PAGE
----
No inactivating mutations have so far been identified in the PTPN22 gene in patients with rheumatoid arthritis (Carlton et al. 2005). There is therefore no compelling evidence that the deletion of PTPN22 in the patient described here is causatively associated with her juvenile idiopathic arthritis. Moreover, we cannot rule out the possibility that the interchromosomal rearrangement might also be associated with a cryptic microdeletion at 7q36, the site of the insertion. Although we did not detect any loss of chromosome 7 material by CGH, this does not unequivocally exclude the presence of a small deletion in this region.
Constitutional deletions within the proximal short arm of chromosome 1 including band 1p13 are very rare events with only four reports having been published to date (Dockery and Van der Westhuyzen 1991; Tabata et al. 1991; Mattia et al. 1992; Bisgaard et al. 2007). The phenotypic anomalies associated with these deletions are summarized in Table 5. Only the deletion of the patient described by Bisgaard et al. has been investigated by molecular cytogenetic means, thereby enabling a direct comparison with the chromosome 1 deletion identified in the propositus described here. The deletion interval of the patient reported by Bisgaard et al. (2007) overlaps partially with the deletion found in our patient and also includes the PTPN22 gene. However, the 13 year-old patient was not reported to suffer from juvenile idiopathic arthritis.
In order to determine whether segmental duplications might occur within the breakpoint region, potentially involving paralogous sequences in 7q36 and 1p13.1-31.3, we screened the Human Genome Segmental Duplication Database (http://www.projects.tcag.ca/humandup/). However, no such duplications were identified.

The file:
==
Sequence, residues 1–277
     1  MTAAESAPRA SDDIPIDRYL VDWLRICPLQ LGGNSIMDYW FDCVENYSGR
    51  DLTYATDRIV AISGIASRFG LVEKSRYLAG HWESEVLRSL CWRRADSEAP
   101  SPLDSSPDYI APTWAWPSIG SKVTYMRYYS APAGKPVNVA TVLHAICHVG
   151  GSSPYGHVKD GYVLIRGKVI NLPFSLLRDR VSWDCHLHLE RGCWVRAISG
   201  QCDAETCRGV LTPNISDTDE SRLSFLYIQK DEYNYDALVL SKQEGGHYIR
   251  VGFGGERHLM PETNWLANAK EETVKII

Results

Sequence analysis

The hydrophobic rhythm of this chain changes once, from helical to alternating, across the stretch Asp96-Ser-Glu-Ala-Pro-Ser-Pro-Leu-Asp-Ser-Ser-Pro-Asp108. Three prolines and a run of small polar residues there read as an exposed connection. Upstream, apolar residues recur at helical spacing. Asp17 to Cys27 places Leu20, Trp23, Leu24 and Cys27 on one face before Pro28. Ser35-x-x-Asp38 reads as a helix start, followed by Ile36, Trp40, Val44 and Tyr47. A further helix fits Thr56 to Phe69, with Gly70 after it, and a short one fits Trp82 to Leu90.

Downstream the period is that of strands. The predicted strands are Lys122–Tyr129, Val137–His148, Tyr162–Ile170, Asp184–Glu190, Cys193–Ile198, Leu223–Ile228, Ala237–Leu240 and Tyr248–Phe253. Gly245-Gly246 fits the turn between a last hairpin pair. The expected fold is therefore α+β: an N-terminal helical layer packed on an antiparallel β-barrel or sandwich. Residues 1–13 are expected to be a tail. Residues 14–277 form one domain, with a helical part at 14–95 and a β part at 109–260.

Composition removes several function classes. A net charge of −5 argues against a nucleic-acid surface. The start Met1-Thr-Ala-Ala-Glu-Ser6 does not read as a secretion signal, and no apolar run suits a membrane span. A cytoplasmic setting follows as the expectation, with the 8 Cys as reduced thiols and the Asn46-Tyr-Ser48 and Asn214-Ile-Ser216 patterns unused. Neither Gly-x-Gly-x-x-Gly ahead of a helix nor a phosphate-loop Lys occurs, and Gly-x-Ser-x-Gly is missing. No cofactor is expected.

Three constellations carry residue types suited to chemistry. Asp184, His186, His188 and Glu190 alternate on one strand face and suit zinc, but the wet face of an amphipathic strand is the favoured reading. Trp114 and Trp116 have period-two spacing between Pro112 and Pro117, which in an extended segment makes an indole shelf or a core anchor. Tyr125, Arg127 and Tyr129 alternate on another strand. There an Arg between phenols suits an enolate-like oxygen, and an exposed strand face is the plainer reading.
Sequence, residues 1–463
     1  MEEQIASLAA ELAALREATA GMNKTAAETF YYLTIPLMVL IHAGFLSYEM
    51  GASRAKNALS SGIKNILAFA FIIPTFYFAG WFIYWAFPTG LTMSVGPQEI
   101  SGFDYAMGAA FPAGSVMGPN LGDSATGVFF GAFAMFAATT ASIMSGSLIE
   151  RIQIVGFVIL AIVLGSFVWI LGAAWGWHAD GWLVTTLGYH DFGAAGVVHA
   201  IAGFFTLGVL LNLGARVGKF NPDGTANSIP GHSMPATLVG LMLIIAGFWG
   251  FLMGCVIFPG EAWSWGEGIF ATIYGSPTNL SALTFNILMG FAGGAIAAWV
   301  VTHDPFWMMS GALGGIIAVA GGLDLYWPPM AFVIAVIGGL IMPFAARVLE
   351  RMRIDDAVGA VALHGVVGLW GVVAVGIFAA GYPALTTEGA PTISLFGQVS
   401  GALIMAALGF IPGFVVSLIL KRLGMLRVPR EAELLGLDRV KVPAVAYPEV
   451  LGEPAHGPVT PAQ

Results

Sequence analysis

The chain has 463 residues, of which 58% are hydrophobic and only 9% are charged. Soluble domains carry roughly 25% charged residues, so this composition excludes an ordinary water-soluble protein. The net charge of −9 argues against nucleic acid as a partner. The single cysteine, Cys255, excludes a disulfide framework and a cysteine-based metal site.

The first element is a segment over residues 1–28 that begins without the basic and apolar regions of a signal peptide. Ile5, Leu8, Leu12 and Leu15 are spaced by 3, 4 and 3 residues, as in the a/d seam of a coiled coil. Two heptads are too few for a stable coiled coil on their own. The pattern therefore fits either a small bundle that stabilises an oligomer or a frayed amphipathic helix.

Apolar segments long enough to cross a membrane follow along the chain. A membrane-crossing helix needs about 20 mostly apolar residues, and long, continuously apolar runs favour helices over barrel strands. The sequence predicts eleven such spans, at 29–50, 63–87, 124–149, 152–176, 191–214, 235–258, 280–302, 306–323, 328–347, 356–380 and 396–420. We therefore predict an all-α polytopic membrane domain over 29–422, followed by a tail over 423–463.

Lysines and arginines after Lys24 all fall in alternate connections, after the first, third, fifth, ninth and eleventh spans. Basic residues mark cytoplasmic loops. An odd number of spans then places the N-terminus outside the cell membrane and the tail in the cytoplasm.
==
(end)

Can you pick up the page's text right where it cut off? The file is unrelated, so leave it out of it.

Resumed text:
Common fragile sites are genomic regions prone to breakage under conditions of replication stress (reviewed by Glover et al. 2005). Currently, 84 common fragile sites are listed in the GDB Human Genome Database (http://www.gdb.org/). Interestingly, common fragile sites were found within two of the three breakpoint regions involved in the ins(7;1) rearrangement, at least at the level of resolution afforded by G-banded chromosomes: FRA7I in 7q36 (aphidicolin-type, GDB:119213) and FRA1C in 1p31.2 (aphidicolin-type, GDB:119170). Precise mapping of the breakpoints would however be needed to determine if these fragile sites had indeed been the target sites of this chromosomal rearrangement.
In conclusion, the rearrangement involving chromosomes 1 and 7 is not simply a balanced insertion of the 1p13.2-31.2 region into 7q36 but is rather a more complex lesion associated with the deletion of ∼5–13 Mb at 1p13.2. In addition to position effects affecting the expression of genes in the vicinity of the respective breakpoints, it is likely that sequence loss has contributed to the severe clinical phenotype exhibited by the patient. To our knowledge, this is the first example of a complex chromosomal rearrangement in a patient with severe psychomotor retardation in combination with juvenile idiopathic arthritis and serves to emphasize the importance of high-resolution analysis of the chromosomal breakpoint regions.
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The authors wish to thank Antje Kollak and Helene Spöri for technical support.